A generation growing up in an addictive and attention-hungry world can thank a tech-enabled advertising industry, but believe it or not, the internet was once advertisement free. Both the Advanced Research Projects Agency Network (ARPANET) and the National Science Foundation Network (NSFNET), early iterations of the modern internet, had policies that banned commercial use by companies on their networks.

However, with the advent of email, marketers found a way around the acceptable use policies and began sending what would later become known as “spam.” Not long after, in the 1990s, website owners began using display ads to generate the revenue…


The premise of the Black Mirror episode “Hang the DJ” is a walled-off society where people are required to be matched into romantic relationships by an unknown matchmaking algorithm. Given an arbitrary expiration date, each relationship supposedly provides the algorithm with the data to ultimately make the optimal match for the person. But – spoiler alert – in the end, this society is revealed to be a simulation contained within a Tinder-like app that provides people with compatibility scores in the real world. However, the question left unanswered by the episode is what exactly do the compatibility scores mean? How…


Every morning, my alarm goes off at 9:30 AM to tell me to get up, get dressed, and head over to Shiru café just two blocks down the street from my off-campus house. As is my habit, I skip my 9 AM to enjoy a free cup of coffee, usually a morbidly sweet caramel latte on account of my sweet tooth, while I read the daily news, catch up with friends, or start my work for the day. …


An apocalyptic global order where security breaches and a lack of accountability foster widespread fear is among the extreme, yet possible, futures for our world. Through a shared imagination, we envision impending possibilities that are inextricably linked to our severe dependence on technology — a dependence that has left us vulnerable to cybersecurity threats on a global scale. And yet among the countless types of threats that have arisen, none can match the extensive and often state-sanctioned theft of intellectual property (IP) in cost. …


From 2010 to 2017, a single bitcoin rose in value from mere pennies to nearly $20,000 on the CoinDesk Bitcoin Price Index (BPI). The cryptocurrency’s meteoric ascent introduced the modern world to the notion of blockchain (the technology upon which bitcoin relies) and soon, the term began to grip dialogue shared at family dinners and around office watercoolers. Bitcoin pundits lauded the e-currency, validated across a network of nodes rather than a central authority, as a kick in the face to the powers that be — a direct attack on the powerful financial institutions, like Visa and NASDAQ, that shape…


Editorially independent of the university, Brown Technology Review explores developments in technology and considers the economic, social, and political impacts. BTR pulls insight from both industry and academia, aiming to provide readers a holistic perspective. Ultimately, we are a community where Brown students, alumni, and faculty can provide coverage and opinions on tech events and ideas. Check out our content at www.brownreview.com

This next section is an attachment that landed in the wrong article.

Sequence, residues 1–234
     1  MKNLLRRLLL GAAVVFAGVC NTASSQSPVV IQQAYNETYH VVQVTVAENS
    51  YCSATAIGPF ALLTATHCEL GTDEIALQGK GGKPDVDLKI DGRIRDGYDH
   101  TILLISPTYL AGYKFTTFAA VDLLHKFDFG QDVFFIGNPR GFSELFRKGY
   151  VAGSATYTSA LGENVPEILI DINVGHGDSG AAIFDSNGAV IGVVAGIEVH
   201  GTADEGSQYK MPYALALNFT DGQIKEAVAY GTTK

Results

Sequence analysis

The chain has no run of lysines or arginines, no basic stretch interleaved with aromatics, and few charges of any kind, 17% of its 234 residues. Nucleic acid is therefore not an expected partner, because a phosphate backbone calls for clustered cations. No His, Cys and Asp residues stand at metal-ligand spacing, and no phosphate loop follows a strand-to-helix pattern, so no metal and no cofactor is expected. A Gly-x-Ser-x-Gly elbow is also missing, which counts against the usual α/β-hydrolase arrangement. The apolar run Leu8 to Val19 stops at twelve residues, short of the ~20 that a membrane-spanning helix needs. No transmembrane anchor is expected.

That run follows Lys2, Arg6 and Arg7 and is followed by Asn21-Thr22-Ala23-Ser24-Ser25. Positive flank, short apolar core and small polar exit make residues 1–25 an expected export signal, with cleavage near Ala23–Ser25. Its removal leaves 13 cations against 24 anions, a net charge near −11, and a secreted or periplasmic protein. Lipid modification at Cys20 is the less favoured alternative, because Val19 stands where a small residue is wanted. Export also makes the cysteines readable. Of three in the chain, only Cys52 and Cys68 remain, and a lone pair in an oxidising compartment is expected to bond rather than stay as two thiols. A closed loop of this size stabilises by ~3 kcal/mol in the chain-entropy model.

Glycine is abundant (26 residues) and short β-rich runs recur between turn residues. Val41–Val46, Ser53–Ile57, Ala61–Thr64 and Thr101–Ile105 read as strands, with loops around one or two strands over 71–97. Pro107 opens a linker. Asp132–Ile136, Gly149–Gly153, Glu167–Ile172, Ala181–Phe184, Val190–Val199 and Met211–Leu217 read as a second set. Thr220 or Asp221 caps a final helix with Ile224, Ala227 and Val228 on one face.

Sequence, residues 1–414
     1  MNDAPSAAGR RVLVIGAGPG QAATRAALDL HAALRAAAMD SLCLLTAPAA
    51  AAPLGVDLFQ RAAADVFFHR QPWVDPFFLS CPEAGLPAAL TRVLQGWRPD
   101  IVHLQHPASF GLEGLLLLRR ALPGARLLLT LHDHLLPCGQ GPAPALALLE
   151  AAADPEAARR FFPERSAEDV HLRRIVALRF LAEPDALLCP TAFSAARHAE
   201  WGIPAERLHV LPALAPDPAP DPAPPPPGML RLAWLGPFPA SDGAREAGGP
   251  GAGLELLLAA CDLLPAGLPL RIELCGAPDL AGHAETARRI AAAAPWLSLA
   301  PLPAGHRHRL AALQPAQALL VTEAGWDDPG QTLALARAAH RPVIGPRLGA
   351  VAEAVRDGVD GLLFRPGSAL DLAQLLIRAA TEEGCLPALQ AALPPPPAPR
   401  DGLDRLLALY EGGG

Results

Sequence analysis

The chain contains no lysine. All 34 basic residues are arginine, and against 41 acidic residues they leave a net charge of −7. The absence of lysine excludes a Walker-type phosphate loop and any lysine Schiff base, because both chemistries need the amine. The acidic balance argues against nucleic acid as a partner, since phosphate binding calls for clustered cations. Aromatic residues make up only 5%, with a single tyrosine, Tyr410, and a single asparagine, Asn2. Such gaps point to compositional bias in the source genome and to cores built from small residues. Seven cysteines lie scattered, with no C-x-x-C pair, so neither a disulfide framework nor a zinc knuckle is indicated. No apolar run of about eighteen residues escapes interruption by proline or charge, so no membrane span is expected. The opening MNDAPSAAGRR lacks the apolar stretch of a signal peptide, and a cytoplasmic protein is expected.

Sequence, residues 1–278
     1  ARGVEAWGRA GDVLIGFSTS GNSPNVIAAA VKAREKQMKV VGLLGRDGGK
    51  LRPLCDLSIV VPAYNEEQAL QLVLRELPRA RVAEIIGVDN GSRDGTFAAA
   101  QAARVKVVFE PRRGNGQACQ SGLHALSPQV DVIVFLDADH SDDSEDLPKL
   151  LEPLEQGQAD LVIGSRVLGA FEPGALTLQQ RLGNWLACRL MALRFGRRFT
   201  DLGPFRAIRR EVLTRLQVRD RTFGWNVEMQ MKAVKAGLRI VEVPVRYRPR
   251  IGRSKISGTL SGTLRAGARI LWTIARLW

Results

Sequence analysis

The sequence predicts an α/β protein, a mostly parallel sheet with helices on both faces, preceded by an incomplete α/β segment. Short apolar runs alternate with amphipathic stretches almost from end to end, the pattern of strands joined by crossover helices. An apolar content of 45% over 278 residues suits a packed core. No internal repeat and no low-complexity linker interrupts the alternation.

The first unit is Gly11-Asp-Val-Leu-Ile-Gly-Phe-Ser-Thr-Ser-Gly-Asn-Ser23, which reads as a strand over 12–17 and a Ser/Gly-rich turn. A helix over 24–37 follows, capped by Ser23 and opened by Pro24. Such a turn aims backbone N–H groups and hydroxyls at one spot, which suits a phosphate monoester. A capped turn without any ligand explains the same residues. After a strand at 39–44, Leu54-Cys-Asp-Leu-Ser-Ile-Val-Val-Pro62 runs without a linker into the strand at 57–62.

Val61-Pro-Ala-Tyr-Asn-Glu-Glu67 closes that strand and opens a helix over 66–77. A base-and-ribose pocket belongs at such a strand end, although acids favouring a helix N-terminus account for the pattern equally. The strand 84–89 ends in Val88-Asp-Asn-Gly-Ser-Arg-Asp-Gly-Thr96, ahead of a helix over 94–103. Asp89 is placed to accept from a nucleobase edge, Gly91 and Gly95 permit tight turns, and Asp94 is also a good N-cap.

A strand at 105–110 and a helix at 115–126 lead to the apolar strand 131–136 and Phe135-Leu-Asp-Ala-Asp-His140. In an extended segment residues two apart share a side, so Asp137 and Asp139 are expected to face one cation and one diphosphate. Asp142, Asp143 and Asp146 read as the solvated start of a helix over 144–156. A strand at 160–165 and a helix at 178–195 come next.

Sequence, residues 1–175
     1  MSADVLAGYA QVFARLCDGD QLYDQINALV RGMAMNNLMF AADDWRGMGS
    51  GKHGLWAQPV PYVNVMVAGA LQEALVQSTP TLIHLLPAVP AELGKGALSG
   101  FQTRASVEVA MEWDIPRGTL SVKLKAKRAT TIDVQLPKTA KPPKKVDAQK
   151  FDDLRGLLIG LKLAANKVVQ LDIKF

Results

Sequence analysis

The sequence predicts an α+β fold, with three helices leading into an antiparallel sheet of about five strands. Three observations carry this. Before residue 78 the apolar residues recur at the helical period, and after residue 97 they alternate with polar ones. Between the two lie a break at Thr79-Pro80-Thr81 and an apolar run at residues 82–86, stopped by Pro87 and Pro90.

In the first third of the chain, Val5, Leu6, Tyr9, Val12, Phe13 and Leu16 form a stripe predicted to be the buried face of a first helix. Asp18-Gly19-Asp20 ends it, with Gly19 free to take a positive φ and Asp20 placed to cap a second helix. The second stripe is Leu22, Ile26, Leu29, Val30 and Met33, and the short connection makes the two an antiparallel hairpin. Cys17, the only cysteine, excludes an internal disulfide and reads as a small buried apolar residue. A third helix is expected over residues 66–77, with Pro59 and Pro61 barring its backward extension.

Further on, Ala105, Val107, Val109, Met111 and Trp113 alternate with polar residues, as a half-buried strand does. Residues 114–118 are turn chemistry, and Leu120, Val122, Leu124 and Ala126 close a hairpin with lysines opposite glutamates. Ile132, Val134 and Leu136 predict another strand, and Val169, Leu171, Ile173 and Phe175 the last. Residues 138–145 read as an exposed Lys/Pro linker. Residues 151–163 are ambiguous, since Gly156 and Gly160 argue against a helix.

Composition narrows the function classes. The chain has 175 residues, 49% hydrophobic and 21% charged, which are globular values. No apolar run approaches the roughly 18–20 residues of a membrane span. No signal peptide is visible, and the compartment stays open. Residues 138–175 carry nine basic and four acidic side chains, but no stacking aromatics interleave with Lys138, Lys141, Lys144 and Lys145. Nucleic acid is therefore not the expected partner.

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This article was originally published on March 8, 2019

Mind control in its various forms — hypnosis, possession, brainwashing — has captured our imaginations for centuries in literature and in film. George Orwell’s 1984 famously conceptualizes means of ideological indoctrination that allow a government to brainwash its subjects, while Anthony Burgess’ A Clockwork Orange describes a fictional conditioning technique used to psychologically rehabilitate a serial criminal. Similarly, movies like those in the X-Men series construct storylines that affirm mental manipulation as the purest form of power. …


This article was originally published on February 8, 2019

The screen lights up with a new text message from Scott, a professor at the University of Texas: How many legs does a camel have?

Eugene types back: Something between 2 and 4. Maybe, three? :-))) By the way, I still don’t know your specialty.

His smiley face seems to suggest that like other 13-year-olds, he’s playful and maybe just a little bit childish. But in any case, it doesn’t seem like his response is a serious attempt to answer the question. …


This article was originally published on November 16, 2018

“These systems are simply mirrors for a biased society,” says Dr. Jerry Kaplan, a professor at Stanford University, speaking about deep learning models. A renowned expert in the field of artificial intelligence, having founded several AI startups and published three books on the subject matter, his voice quakes with intensity as we talk about the possibility of eliminating cognitive bias in our current artificial intelligence. …


I learned to enjoy the process. When my sea monkeys first hatched, I couldn’t wait for them to become full-grown sea monkeys, constantly googling “how long” until the next milestone in the aging process. But midway through the 6–8 weeks that the internet said it would take for them to become fully grown, as I pictured what they would look like in their final form, I was struck by a nostalgia for the present. All I could think about was how much I would miss witnessing my little guys (and girls) smiling back up at me each morning just a…

Griffin Kao

Brown ’20 — editor at BTR, author of Turning Silicon Into Gold, previously at The College Hill Independent, passionate about AI/ML, product, and economics

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